The final of Masterchef was a feast for the eye: the last three produced incredibly sophisticated food, one would expect to be served at a Michelin star restaurant. While the finalists’ plates looked stunning, personally, I craved something else on a Friday night: a bowl of chili with guacamole and homemade nachos another Masterchef contestant had produced on the show earlier. Sarah McCready had been highly praised for her inventive and always delicious creations, before leaving the Masterchef kitchen at semi finals. 24-year-old Sarah was one of 40 contestants on the live show, picked from a total of 4,000 applicants. She made it to the final six. Inspired by her food philosophy and success, I’ve met with her for a chat. Here is Sarah’s story.
Sarah studied History at St. Catherine’s College, Oxford and ‘fell into’ the property development industry after university. After a break-up with her boyfriend, she decided to pick herself up by applying to Masterchef.
“I am competitive, I love cooking and I tend to put myself forward for things before worrying about them later,” says Sarah, laughing.
Unlike other TV contests, Masterchef is all about testing yourself, learning new things and getting better at cooking. Sarah found herself completely consumed by the show, dreaming about food, constantly inventing new recipes and spending hours flicking through cookery books. “For about two months, Masterchef took over my life.”
If you give something a go, you are likely to come away with a valuable experience and learn something about yourself too. Sarah learned that professional kitchens aren’t really built for women: try lifting a heavy pan or grabbing a pot from a top shelf in a hot kitchen during a busy service. While some women love professional kitchens and are happy in their environment, Sarah discovered that she was most comfortable in a different ambience.
“I love party food, street food, comfort food dinners and food with a sense of humour. I like surprising my guests and making eating a fun experience.”
Her creations on Masterchef certainly had that oomph: Polish pirogi, Mexican street food, paella balls and egg raviolo were adventurous, creative and fun.
Meeting Sarah made me realise that for her Masterchef was just another challenge, an experience to test her culinary skills and boost her confidence. She has always been a high achiever: she was the first pupil to get into Oxford from her school. As a graduate, she got a job at Dorchester Living, a property development company, where she helped open a free school for a newly built community. Sarah was recently promoted to look after a new housing association, a huge challenge she is happy to take on.
A young woman who is bold and likes pushing herself makes my heart sing. She also makes me laugh: apparently, Sarah’s mum and nan finally allowed her to cook family Christmas dinner after her culinary skills had been vetted by John and Gregg (last Mastershef series were filmed in autumn). I am convinced that whatever this woman pursues next, she’ll do it well and her passion will shine through. I only hope that Sarah takes on a food-related project next: her own deli perhaps or a new product range? Let’s wish her well!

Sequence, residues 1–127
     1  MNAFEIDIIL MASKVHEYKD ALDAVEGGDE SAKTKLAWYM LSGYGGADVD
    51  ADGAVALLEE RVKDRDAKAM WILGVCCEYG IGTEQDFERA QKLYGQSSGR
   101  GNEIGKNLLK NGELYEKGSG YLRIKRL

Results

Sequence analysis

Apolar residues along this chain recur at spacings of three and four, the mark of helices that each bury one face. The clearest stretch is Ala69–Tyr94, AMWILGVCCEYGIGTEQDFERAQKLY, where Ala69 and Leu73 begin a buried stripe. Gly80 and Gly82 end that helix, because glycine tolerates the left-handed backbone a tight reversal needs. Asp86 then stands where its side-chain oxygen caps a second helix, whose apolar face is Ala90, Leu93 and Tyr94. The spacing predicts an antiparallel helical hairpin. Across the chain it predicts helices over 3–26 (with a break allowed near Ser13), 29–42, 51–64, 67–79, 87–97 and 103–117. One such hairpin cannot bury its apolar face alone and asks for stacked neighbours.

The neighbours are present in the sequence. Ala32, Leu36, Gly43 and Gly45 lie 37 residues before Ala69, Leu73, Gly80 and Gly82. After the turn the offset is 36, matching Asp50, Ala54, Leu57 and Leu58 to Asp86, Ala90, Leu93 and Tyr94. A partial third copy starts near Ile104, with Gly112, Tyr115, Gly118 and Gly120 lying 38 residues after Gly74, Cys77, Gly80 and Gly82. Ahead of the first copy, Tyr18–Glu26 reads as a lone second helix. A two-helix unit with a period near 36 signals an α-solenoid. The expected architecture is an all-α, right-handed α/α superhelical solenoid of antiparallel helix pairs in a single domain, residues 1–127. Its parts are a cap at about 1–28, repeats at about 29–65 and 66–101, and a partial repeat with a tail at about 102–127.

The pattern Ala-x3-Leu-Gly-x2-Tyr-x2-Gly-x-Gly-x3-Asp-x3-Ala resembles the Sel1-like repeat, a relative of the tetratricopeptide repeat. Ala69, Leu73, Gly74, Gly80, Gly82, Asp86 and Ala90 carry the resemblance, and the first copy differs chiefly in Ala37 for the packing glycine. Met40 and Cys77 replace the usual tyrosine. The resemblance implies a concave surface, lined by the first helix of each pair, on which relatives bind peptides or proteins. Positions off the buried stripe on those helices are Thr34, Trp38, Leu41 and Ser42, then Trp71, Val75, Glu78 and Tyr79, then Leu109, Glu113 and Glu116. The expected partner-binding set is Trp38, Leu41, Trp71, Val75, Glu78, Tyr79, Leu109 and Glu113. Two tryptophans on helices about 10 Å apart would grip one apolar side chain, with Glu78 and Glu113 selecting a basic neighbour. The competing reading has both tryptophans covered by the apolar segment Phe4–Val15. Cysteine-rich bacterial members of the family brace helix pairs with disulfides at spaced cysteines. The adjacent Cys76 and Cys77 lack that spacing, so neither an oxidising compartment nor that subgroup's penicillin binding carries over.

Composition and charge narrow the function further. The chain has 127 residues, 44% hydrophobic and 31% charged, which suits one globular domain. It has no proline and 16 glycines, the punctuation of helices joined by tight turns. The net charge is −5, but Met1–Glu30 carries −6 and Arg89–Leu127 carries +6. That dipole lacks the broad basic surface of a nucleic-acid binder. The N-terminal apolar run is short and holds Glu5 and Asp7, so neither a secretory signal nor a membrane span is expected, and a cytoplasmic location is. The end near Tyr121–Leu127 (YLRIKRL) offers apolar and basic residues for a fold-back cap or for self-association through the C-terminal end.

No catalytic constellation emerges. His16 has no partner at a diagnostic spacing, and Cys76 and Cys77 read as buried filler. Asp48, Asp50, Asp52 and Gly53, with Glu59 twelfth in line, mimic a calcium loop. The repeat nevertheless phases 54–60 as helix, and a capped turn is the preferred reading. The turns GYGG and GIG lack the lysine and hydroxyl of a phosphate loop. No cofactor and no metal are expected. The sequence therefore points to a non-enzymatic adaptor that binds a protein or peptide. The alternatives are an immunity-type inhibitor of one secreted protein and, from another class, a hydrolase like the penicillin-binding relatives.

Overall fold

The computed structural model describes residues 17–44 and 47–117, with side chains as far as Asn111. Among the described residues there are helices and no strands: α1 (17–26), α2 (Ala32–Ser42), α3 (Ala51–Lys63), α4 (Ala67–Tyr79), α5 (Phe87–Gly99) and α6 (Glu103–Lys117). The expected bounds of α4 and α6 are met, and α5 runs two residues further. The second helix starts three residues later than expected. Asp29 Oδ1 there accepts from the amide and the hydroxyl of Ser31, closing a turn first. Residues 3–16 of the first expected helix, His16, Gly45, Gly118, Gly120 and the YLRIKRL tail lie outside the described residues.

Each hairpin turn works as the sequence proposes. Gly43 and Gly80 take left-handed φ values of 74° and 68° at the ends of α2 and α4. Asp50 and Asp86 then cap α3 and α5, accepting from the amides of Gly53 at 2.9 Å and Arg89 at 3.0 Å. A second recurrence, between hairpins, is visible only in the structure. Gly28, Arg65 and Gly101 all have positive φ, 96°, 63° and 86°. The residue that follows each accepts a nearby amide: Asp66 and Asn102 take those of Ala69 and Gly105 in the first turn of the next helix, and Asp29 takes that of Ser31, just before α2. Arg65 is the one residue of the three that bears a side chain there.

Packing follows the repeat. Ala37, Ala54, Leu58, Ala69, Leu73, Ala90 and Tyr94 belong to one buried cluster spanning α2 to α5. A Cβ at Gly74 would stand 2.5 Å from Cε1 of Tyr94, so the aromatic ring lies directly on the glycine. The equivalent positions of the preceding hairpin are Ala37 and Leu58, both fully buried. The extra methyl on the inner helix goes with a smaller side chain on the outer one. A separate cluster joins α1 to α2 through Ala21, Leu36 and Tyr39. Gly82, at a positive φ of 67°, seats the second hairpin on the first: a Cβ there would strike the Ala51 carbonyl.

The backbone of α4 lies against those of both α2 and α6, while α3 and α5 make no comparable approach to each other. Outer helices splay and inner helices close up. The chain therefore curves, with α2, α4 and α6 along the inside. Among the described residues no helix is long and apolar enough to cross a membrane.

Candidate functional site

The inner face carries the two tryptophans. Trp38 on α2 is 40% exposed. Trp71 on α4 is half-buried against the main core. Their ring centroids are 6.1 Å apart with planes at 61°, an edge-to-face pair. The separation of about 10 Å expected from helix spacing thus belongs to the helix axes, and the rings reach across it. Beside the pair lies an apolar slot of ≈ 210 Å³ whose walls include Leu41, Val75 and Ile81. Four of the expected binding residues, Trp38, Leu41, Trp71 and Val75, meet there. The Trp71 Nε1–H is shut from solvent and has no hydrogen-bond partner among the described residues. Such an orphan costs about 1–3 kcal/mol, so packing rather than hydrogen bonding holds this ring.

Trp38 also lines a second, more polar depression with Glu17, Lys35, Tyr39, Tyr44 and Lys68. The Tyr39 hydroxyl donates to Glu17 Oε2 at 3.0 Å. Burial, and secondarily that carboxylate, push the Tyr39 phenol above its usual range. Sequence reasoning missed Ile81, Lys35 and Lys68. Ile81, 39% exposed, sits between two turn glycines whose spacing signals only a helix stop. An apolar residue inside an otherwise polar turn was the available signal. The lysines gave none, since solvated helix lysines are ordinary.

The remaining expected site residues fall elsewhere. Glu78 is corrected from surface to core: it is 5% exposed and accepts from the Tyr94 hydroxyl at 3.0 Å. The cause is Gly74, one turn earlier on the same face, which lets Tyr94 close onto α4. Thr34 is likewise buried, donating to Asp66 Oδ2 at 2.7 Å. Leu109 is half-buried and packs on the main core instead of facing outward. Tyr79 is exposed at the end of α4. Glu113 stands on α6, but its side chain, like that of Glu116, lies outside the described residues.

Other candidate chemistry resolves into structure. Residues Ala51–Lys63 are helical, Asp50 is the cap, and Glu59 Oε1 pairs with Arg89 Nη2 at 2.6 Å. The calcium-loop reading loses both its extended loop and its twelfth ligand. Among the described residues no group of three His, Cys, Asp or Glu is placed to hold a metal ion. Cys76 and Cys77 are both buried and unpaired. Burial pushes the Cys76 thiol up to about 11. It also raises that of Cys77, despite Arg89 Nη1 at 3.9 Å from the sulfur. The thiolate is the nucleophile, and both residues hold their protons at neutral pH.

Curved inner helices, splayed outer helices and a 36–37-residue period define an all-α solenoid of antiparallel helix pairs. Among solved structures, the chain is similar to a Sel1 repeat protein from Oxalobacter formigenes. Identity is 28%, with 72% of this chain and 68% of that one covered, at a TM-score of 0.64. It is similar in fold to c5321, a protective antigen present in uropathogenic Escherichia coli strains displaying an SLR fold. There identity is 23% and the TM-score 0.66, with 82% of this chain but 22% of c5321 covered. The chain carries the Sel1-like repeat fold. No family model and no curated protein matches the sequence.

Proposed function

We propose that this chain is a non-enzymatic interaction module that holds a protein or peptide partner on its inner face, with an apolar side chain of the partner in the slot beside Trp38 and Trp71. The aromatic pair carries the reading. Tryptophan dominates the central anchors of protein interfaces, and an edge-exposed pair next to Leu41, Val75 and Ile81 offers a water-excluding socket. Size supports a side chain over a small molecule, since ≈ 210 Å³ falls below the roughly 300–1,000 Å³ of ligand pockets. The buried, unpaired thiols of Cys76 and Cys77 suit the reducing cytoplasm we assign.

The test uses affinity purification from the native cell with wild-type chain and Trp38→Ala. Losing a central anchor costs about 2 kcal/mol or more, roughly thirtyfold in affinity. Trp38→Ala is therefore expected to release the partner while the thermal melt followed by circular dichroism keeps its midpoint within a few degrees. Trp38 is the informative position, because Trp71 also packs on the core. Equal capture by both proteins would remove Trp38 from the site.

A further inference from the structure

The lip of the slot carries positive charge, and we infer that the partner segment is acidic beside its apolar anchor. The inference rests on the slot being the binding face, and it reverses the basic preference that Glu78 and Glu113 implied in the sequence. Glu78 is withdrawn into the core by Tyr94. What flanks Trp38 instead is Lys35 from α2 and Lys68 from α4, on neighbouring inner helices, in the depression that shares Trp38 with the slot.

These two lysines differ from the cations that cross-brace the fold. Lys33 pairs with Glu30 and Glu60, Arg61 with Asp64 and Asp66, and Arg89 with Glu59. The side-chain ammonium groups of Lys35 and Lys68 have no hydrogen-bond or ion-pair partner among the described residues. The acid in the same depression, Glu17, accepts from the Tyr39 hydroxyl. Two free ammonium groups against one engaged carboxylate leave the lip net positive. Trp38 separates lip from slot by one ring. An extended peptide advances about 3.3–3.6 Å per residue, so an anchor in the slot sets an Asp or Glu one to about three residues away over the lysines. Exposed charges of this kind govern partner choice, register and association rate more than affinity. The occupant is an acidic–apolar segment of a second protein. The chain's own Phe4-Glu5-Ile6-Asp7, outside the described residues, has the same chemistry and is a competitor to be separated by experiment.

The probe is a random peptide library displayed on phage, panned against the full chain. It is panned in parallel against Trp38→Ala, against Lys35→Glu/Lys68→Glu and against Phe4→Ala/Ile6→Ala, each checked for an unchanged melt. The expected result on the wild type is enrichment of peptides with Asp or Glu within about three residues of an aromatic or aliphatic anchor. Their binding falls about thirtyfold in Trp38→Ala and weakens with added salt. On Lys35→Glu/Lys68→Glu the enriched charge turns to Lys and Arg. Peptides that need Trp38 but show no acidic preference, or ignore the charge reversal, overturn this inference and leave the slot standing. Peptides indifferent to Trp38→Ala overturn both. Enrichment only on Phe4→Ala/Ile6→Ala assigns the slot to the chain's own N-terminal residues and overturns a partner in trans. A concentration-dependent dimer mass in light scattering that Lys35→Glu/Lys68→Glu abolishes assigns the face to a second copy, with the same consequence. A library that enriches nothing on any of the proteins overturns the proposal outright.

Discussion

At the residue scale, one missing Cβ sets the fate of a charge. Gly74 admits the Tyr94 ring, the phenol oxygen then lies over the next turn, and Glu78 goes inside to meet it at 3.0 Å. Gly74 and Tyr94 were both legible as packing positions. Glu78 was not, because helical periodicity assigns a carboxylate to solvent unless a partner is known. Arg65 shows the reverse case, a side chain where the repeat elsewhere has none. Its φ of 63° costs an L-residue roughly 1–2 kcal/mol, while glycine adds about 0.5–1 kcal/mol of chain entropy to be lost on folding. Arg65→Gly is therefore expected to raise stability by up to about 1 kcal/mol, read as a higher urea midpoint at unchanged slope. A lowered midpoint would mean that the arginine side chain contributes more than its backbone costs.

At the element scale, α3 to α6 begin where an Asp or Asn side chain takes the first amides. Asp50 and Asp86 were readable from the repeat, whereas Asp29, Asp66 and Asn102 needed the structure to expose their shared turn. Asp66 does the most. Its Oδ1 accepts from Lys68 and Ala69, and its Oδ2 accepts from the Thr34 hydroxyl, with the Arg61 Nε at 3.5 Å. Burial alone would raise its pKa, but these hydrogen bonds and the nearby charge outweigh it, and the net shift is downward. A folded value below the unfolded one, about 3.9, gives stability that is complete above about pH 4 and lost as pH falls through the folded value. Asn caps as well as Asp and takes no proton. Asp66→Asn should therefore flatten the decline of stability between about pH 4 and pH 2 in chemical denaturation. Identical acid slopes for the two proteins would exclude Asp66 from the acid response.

What would you advise your 15-year-old self? Stop being obsessed with things that aren’t important (looks, boys, stuff…).
What are you good at? I’m a good friend, I am good at my job and I know how to push myself. [Sadly, Sarah forgot to mention she was good at cooking so I had to remind her!]
What is your greatest achievement? Getting into Oxford is still pretty high on my list of achievements. I am also proud of setting up a new school in North Oxfordshire. And, of course, I am chuffed to have made the final six on Masterchef!
If you can do anything, knowing that you would not fail, what would you do? I’d launch my own business: something entrepreneurial and to do with food!
Who inspires you? Thomasina Miers. I still can’t believe that I cooked for her – she was the first winner of Masterchef and I love her food at Wahaca.
What’s your favourite recipe? Recipes are tricky. If a recipe tells you how much chilli or ginger you should be adding to your dish, then you aren’t really developing your own palette. When I write recipes for my blog, I try to avoid giving instructions that are too precise. My favourite ‘posh’ recipe is the desert I cooked on Masterchef: rose petal and cherry pirogi, poppy seed and cherry cake, sour cream and lemon thyme sorbet and milk skin crisps, inspired by my Polish roots. Otherwise, I really like rice. I often cook risotto, egg-fried rice or rice pudding.
Sarah McCready has a food blog where she shares her recipes. You can also follow Sarah on Twitter.